Stick-fighting, stickfighting, or stick fighting is any of a variety of martial arts which use simple long slender, blunt, hand-held, generally wooden 'sticks' for fighting; such as a staff, cane, walking stick, baton or similar. Some techniques can also be used with a sturdy umbrella or even a sword in its scabbard.
Thicker and/or heavier blunt weapons such as clubsor the mace are outside the scope of "stick-fighting" (since they cannot be wielded with such precision, so sheer force of impact is more important), as are more formed weapons such as the taiaha used by the Māori of New Zealand, and the macuahuitl of Aztec warfare.
Although many systems are defensive combat techniques intended for use if attacked while lightly armed, others such as kendo, modern arnis and gatka were developed as safe training methods for dangerous weapons. Whatever their history, many stick-fighting techniques lend themselves to being treated as sports.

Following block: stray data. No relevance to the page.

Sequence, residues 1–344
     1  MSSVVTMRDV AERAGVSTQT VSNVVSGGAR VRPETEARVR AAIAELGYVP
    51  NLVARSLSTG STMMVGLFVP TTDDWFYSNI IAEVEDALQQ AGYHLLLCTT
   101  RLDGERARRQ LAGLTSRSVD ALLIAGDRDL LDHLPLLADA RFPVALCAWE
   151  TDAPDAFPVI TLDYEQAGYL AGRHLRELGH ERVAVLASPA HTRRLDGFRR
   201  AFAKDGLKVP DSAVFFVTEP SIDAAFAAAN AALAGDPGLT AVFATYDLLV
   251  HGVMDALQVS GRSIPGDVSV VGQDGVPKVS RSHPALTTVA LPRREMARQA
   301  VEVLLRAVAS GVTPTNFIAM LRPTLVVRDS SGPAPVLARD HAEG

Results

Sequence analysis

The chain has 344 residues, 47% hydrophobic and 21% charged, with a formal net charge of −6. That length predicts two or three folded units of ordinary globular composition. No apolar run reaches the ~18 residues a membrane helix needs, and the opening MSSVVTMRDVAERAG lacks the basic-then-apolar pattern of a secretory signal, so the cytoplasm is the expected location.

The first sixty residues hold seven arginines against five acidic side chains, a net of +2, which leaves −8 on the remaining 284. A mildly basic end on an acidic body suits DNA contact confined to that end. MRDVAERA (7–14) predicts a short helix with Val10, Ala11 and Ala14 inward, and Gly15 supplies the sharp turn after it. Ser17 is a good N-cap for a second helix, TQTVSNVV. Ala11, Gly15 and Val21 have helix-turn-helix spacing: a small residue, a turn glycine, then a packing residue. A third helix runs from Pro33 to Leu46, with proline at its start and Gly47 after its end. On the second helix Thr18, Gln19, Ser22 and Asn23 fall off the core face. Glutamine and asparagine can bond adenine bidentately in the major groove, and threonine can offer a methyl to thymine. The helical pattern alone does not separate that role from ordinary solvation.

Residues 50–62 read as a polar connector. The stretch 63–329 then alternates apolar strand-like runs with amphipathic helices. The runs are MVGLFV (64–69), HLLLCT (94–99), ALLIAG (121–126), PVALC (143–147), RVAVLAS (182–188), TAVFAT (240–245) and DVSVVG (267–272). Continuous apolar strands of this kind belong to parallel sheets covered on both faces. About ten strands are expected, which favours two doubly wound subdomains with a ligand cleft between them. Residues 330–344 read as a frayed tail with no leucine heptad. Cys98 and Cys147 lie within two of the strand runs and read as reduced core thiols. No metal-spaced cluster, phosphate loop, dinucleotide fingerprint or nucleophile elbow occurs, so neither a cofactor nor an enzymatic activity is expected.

In addition to systems specifically devoted to stick-fighting, certain other disciplines include it, either in its own right, as in the Tamil martial art silambam, or merely as part of a polyvalent training including other weapons and/or bare handed fighting, as in Kerala's kalaripayat tradition, where these wooden weapons serve as preliminary training before practice of the more dangerous metal weapons.